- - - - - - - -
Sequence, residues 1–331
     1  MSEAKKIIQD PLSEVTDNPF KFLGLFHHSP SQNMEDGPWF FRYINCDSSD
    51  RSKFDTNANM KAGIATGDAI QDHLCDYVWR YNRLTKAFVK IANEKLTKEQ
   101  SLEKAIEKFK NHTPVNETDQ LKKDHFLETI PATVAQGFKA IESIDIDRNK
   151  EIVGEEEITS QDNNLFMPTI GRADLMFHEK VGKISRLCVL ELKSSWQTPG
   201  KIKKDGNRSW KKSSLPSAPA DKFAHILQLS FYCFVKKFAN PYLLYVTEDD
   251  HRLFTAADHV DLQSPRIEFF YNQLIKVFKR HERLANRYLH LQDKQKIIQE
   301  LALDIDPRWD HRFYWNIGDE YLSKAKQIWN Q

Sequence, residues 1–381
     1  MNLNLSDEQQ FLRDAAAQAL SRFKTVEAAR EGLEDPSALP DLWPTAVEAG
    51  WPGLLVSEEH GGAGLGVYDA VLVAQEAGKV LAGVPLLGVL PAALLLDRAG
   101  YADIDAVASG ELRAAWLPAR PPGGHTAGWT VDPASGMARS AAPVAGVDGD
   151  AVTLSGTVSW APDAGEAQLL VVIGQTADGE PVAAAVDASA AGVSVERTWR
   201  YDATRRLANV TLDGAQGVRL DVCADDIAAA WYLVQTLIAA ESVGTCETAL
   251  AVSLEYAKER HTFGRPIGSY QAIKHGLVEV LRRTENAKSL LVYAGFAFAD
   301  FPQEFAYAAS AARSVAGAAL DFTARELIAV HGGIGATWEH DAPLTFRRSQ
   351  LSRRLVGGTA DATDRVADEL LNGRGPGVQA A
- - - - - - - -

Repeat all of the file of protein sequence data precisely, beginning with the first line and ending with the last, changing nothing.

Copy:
Sequence, residues 1–331
     1  MSEAKKIIQD PLSEVTDNPF KFLGLFHHSP SQNMEDGPWF FRYINCDSSD
    51  RSKFDTNANM KAGIATGDAI QDHLCDYVWR YNRLTKAFVK IANEKLTKEQ
   101  SLEKAIEKFK NHTPVNETDQ LKKDHFLETI PATVAQGFKA IESIDIDRNK
   151  EIVGEEEITS QDNNLFMPTI GRADLMFHEK VGKISRLCVL ELKSSWQTPG
   201  KIKKDGNRSW KKSSLPSAPA DKFAHILQLS FYCFVKKFAN PYLLYVTEDD
   251  HRLFTAADHV DLQSPRIEFF YNQLIKVFKR HERLANRYLH LQDKQKIIQE
   301  LALDIDPRWD HRFYWNIGDE YLSKAKQIWN Q

Sequence, residues 1–381
     1  MNLNLSDEQQ FLRDAAAQAL SRFKTVEAAR EGLEDPSALP DLWPTAVEAG
    51  WPGLLVSEEH GGAGLGVYDA VLVAQEAGKV LAGVPLLGVL PAALLLDRAG
   101  YADIDAVASG ELRAAWLPAR PPGGHTAGWT VDPASGMARS AAPVAGVDGD
   151  AVTLSGTVSW APDAGEAQLL VVIGQTADGE PVAAAVDASA AGVSVERTWR
   201  YDATRRLANV TLDGAQGVRL DVCADDIAAA WYLVQTLIAA ESVGTCETAL
   251  AVSLEYAKER HTFGRPIGSY QAIKHGLVEV LRRTENAKSL LVYAGFAFAD
   301  FPQEFAYAAS AARSVAGAAL DFTARELIAV HGGIGATWEH DAPLTFRRSQ
   351  LSRRLVGGTA DATDRVADEL LNGRGPGVQA A